Driving while intoxicated (DWI) is known as driving under the influence (DUI) in other jurisdictions, and people who are arrested for this crime are usually making their first appearances in criminal justice system. This inexperience typically leads many people to immediately assume that they will be pleading guilty and possibly arguing for some kind of mercy in sentencing.
Any DWI offense needs to be taken seriously because the consequences of a conviction can be extremely long-lasting. Texas does not allow people to seal or expunge DWI offenses from their criminal records, so any conviction becomes a permanent mark on your criminal record.
If you or your loved one were arrested for your first DWI in the greater Fort Worth area, you are going to want to be sure that you quickly seek legal representation. An experienced criminal defense attorney may be able to help identify key problems with your case that make it more difficult to prosecute.
The Law Offices of Richard C. McConathy has decades of experience fighting all kinds of DWI charges in Tarrant County. We can help you understand all of your legal options as soon as you call (817) 422-5350 or contact us online to receive a free consultation.
Texas Penal Code § 49.04 establishes that a person commits DWI if they are intoxicated while operating a motor vehicle in a public place. Under Texas Penal Code § 49.01(2), there are two definitions for the term intoxicated.
Intoxicated is first defined as “not having the normal use of mental or physical faculties by reason of the introduction of alcohol, a controlled substance, a drug, a dangerous drug, a combination of two or more of those substances, or any other substance into the body.” This is the more subjective definition of intoxicated that is typically the opinion of the arresting officer, often supported by dashcam video footage or mugshots taken at the local jail.
Intoxicated is also defined as a person having a blood or breath alcohol concentration (BAC) of 0.08 or more. Under Texas Penal Code § 49.01(1), an alcohol concentration is the number of grams of alcohol per 210 liters of breath, 100 milliliters of blood, or 67 milliliters of urine.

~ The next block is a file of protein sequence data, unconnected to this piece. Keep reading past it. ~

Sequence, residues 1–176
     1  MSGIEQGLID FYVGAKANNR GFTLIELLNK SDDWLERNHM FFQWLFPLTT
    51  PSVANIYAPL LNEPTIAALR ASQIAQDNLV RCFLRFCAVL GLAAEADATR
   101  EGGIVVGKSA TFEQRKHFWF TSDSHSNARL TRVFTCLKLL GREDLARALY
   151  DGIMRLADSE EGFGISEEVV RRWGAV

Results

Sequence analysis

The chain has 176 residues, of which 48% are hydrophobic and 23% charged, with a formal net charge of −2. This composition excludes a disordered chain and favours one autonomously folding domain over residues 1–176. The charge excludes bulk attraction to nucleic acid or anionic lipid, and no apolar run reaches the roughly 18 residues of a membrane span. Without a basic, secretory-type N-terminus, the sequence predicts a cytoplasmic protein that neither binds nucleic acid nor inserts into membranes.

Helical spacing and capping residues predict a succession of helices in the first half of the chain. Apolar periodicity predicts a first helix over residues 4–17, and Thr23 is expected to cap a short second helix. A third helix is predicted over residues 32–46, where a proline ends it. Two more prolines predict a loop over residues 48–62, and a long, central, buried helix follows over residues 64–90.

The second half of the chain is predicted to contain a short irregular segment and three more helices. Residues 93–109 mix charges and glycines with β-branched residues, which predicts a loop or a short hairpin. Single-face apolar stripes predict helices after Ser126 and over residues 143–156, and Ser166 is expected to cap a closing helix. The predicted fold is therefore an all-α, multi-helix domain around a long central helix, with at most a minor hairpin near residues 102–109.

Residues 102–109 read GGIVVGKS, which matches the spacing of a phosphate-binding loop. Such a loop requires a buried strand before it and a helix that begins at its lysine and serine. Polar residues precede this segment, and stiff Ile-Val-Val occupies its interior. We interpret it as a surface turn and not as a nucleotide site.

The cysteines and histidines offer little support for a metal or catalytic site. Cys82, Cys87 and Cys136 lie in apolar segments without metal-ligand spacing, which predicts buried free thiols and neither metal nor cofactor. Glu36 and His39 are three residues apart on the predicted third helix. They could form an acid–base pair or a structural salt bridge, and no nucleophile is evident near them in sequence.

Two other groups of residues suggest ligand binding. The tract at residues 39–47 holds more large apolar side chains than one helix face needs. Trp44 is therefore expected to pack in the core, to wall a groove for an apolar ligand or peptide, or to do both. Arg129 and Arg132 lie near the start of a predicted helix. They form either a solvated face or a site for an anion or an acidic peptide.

A DWI based on a BAC violation is commonly referred to as a “per se DWI” (“per se” is the Latin phrase for “by itself” or “in itself”). Officers in many cases will argue that alleged offenders satisfied both definitions of intoxicated.
In most cases, a first DWI with no aggravating factors will be a class B misdemeanor. One important aggravating factor is a BAC of 0.15 or greater, which then becomes a class A misdemeanor.
Convictions can result in the following sentences:
● Class B Misdemeanor — Fine of up to $2,000 and/or up to 180 days in jail
● Class A Misdemeanor — Fine of up to $4,000 and/or up to one year in jail
Keep in mind that even some first offenses can result in felony charges when an alleged DWI offense involves aggravating factors like child passengers or motor vehicle accidents. Even class B misdemeanor convictions can still involve additional penalties such as driver’s license suspensions of at least 90 days, community service, and/or mandatory completion of DWI school.
You often have a number of possible defenses, depending on the specific circumstances relating to your arrest. In some cases, police had no probable cause for their original traffic stop and this can result in the DWI charges being thrown out.
Other cases may involve defenses relating to how DWI tests were administered. A test performed by an unauthorized individual or on equipment that was not properly maintained could also lead to those tests being inadmissible in court.
When an arrest is based more on an alleged offender’s mental or physical faculties rather than their BAC, it may be possible that a medical condition explains their perceived drunkenness. There could be a wide range of other evidentiary issues that could apply to your case.
Sober Rides — The Texas Department of Transportation (TxDOT) launched this website to provide Texans with an easy way to find safe options for getting home. You can enter your current address and call nearby cab companies, take pedicabs, or find local public transportation options. You can also phone a friend or use social media websites such as Twitter and Facebook to find rides.
Misdemeanor DWI Court Program | Tarrant County — Visit this website to learn more about the Misdemeanor DWI Court program in Tarrant County, a post-plea misdemeanor probation offered through CSCD that is not a diversion program. The Misdemeanor DWI Court Program offers offenders outpatient treatment (inpatient treatment if necessary) with intensive supervision that is judicially supervised. Participants enter into treatment and are required to attend all therapeutic rehabilitative activities, with attendance monitored by Community Supervision Officers assigned to the Misdemeanor DWI Court program.
Were you or your loved one arrested for your first DWI in Fort Worth or another community in Tarrant County? Make sure that you are quick to retain legal counsel.
The Law Offices of Richard C. McConathy will work tirelessly to help you achieve the most favorable possible outcome to your case. Call (817) 422-5350 or contact us online to schedule a free consultation.